Porzingis’s early line is impressive: 12.3 points per game, 8.6 rebounds, a 19.7 PER and a stingy 40.8 percent defensive field goal percentage. Ethan Norof of FanRagSports.com noted how Porzingis has become a key weapon much sooner than expected:
Nobody projected Porzingis to make this impact by the end of the year, let alone its start…Making his presence felt at both ends of the floor, Porzingis is a matchup nightmare for almost anyone he faces. Capable of playing both inside and out, there isn’t an area of the court that the lengthy Latvian can’t reach.
Several other rookie big men have tipped off their careers with efficient, positive contributions in varying roles. Willie Cauley-Stein, Frank Kaminsky and Myles Turner all have PER’s of at least 14. Outside the lottery, Bobby Portis, Montrezl Harrell, Richaun Holmes and 2010 draftee Nemanja Bjelica have all been promising. The only outlier is Trey Lyles, who’s been woefully inefficient during his small stints with the Utah Jazz.
A look at the stats of the 2015 top 10 picks shows that the “little” guys are enduring a bigger struggle so far:
— Daniel O'Brien (@DanO_Bball) November 10, 2015
It’s still ridiculously early in the season, so these stats don’t serve as a long-term indictment of the backcourt players. There’s tons of talent and upside in D’Angelo Russell, Mario Hezonja and Emmanuel Mudiay, and wings Stanley Johnson and Justise Winslow pass the eye test on both ends of the floor. Mudiay has stood out as a lethal asset, and his 18-point, five-assist effort Monday night is fresh evidence.
Rather, the stats are an illustration of how difficult it is to consistently make a positive impact as a young guard or swingman in today’s NBA.
If someone like Mudiay is asked to quarterback a mediocre team’s offense at age 19, we shouldn’t be shocked by a steady flow of mistakes (5.8 turnovers per 36 minutes). There are so many different things a point guard is asked to do, including seeing the whole floor, dictating pace, distributing to the right guy at the right time and taking smart shots.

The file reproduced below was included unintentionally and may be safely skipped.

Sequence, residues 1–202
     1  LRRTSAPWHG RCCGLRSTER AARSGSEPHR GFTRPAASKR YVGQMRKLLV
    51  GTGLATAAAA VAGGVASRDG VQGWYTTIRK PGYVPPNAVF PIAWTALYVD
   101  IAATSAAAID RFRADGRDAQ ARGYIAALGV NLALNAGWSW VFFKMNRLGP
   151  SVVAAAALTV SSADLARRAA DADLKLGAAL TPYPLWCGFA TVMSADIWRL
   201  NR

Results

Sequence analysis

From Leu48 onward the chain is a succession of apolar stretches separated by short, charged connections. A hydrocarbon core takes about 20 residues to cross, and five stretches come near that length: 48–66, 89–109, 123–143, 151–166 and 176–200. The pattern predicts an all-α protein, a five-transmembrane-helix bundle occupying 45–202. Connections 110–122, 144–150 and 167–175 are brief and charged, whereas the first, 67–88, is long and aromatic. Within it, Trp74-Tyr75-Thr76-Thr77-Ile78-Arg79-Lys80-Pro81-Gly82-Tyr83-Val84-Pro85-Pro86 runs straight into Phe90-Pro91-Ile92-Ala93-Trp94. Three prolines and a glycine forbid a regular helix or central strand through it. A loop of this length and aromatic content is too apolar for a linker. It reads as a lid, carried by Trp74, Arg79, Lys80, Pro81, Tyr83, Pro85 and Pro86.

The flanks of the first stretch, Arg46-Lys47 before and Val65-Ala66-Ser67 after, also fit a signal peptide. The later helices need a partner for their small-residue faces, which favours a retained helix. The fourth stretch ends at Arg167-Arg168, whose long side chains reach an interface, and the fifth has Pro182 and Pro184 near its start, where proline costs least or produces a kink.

Some of these young playmakers are simply in less-than-ideal situations. In his Pattern of Basketball blog, Jonathan Tjarks explained Russell’s quandary with the Los Angeles Lakers:
I feel bad for Russell because he’s kind of walked into a worst-case scenario in terms of utilizing his skill-set. He’s a spread pick-and-roll guy all the way…He’s playing next to two ball-dominant guys on the perimeter with a front-court that doesn’t have anyone who can stretch out the defense. He only gets so much time with the ball in his hands and he doesn’t have a lot of room to operate and he doesn’t have the versatility to impact the game as a role player…
The point is that for several of the top guard/wing prospects in the draft, their circumstances and responsibilities have been a bit trickier than those of the bigs.
It’s not that the frontcourt stars haven’t earned their stats. They’re excelling in those roles because they’re talented and smart. But in the early going, it helps to have length and less playmaking responsibilities.
Don’t give up on the 2015 guards. With experience and the right environment, most of them should find their niche in the league. In the meantime, let’s enjoy what looks like a special class of big men.